So you might say, “It’s important to me that we use barrier methods consistently because we’re both having sex with other people and I want to reduce our STI transmission risk as much as possible. I notice that we keep running low—let’s take a minute to set up a recurring delivery.”
In that example, you’ve established why using barrier methods consistently is important to you and you follow it up with a solution. That can help you and your partners get on the same page and stay on the same page as much as possible. Talking about sex and relationships, birth control, what feels good, if sex toys are involved all are fair game when describing what you want.
2. “I’m not feeling _______ right now. Could we ______ instead?”
Sometimes, we’re just not feeling the things we usually are. That’s totally okay! It doesn’t matter how many times you’ve done something before; you’re always allowed to not want to do it.
Setting a boundary this way might look like, “I’m not feeling oral sex right now. Could we masturbate together instead?” or “I’m not feeling sex right now. Could we go for a walk instead?”
Notice that neither option requires you to share why you don’t want to do whatever. If you want to share why you’re not feeling something, that’s fine! But you don’t have to, because simply not wanting to do something is enough of a reason.
3. “That part of my body is feeling ____ right now. Could you touch ____ instead?”
If you’re having sex and find that suddenly, some part of your body is feeling a little off, you get to slow things down, pause, or stop entirely. If you want to stop that particular action, but keep going in general, this boundary framework is a great way to propose something new. You can also modify this to be more specific instead of just saying “that part of my body.”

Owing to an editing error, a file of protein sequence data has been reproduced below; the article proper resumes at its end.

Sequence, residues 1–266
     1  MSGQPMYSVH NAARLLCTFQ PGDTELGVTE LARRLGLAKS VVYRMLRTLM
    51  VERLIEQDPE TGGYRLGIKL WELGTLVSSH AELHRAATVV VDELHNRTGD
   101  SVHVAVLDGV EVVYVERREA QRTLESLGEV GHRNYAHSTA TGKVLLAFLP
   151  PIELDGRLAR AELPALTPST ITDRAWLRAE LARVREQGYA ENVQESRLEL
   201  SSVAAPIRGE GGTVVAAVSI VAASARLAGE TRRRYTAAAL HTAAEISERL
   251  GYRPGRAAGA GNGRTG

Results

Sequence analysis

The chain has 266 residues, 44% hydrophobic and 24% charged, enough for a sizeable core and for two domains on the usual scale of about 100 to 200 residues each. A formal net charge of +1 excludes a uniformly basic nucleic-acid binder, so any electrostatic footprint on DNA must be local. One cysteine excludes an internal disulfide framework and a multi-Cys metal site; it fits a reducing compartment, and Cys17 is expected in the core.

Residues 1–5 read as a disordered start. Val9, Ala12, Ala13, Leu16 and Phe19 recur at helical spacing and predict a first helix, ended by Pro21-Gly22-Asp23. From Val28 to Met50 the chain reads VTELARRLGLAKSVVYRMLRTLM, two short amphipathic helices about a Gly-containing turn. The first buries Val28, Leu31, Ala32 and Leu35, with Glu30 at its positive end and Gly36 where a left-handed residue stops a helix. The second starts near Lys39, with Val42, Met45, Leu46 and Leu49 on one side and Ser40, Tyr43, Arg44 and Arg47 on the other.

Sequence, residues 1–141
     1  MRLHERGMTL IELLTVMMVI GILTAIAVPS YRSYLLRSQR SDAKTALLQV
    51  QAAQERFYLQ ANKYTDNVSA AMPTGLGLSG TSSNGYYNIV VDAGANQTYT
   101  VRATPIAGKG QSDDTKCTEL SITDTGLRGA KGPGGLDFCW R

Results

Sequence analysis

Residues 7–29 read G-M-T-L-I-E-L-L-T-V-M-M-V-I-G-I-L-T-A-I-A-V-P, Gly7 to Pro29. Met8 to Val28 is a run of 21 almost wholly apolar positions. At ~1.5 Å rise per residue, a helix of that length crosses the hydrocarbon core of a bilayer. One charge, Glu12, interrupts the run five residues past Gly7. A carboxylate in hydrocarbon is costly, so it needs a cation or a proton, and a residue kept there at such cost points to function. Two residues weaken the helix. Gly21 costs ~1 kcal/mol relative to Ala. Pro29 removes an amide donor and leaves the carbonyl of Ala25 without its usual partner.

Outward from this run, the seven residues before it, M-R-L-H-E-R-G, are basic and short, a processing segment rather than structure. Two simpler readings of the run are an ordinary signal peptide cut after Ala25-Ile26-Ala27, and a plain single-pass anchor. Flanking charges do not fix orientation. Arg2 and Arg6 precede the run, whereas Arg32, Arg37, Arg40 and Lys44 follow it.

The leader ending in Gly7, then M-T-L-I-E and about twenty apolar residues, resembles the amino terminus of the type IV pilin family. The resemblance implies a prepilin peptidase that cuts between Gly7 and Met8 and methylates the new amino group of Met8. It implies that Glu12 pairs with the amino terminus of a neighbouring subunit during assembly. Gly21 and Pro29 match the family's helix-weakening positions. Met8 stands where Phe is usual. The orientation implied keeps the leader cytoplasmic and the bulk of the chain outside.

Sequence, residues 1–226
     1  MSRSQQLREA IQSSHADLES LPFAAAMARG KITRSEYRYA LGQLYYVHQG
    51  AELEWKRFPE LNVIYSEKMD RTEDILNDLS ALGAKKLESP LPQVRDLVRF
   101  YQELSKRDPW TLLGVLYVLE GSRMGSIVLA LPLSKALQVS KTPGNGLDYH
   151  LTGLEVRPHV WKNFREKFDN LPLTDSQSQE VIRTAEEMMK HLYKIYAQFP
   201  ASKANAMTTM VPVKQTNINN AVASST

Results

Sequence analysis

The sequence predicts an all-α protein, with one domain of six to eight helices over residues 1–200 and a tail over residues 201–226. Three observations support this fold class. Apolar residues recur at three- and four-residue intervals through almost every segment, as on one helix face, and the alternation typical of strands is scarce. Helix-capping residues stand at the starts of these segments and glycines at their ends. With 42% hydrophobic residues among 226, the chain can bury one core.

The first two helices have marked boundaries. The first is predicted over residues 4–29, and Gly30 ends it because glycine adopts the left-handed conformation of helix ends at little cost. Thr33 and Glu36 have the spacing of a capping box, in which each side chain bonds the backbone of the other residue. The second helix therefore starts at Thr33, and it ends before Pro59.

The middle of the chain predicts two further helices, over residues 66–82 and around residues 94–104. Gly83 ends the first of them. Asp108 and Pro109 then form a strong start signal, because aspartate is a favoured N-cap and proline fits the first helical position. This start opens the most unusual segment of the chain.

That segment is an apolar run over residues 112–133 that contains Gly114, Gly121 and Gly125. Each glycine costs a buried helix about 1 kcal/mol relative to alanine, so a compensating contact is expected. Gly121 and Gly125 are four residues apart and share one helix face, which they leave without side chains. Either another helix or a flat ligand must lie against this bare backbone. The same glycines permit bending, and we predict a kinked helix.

Here’s what that might look like: “My clitoris is feeling overstimulated right now. Could you touch my nipples instead?”
Remember, just like you always have the right to say that you don’t want a certain part of your body touched, your partner also has the right to say “no” to the new thing you’ve proposed. So, if you’ve said “My anus is feeling tense right now. Could you give me head instead?” your partner might not be down to give you head in that moment.
That’s okay! If that’s the case, you might find another activity that you both want to do. Or, if not, you can take a break and revisit whenever you’re both ready.
4. “[Insert safe word here!]”
You might think of safe words as something that only people who are into kinky sex or BDSM use, but the reality is that safe words and safe gestures are great tools for everyone, regardless of the type of sex you’re having.
Coming up with your safe word or gesture in advance is essential because you and your partners need to be clear on what they are before sex happens. You want your safe word to be noticeably out of place—something like “oranges!” or “cotton candy!” or something that has nothing to do with summery food items.
It can also be helpful to set one word that means “stop immediately” and another that means “slow down/ease up.” But you don’t have to do that, and you can use your safeword as an opportunity to quickly stop, regroup, and tend to your needs.
5. “I love how much more relaxed I feel when we use _______. Do you have some with you?”
This one is another cousin of those “I statements.” This framework is a great way to nudge someone toward affirming your boundary.
You might say something like, “I love how much more relaxed I feel when we use condoms during oral. Do you have some with you?”
Being relaxed helps you be more physically and mentally in-the-moment during sex, and it can even help orgasms happen more easily! So, if there’s something sex-related that helps alleviate your stress, bring it up in the bedroom. Barrier methods and lube are two common options here, but you also might think of something like background music (especially if you have roommates or other people in your house).
Setting and affirming your boundaries (both sexual and otherwise) is a lifelong practice, but it gets easier with time! The next time you find yourself struggling to maintain your boundaries, try out one of the options on this list and see how it goes. We’re cheering for you!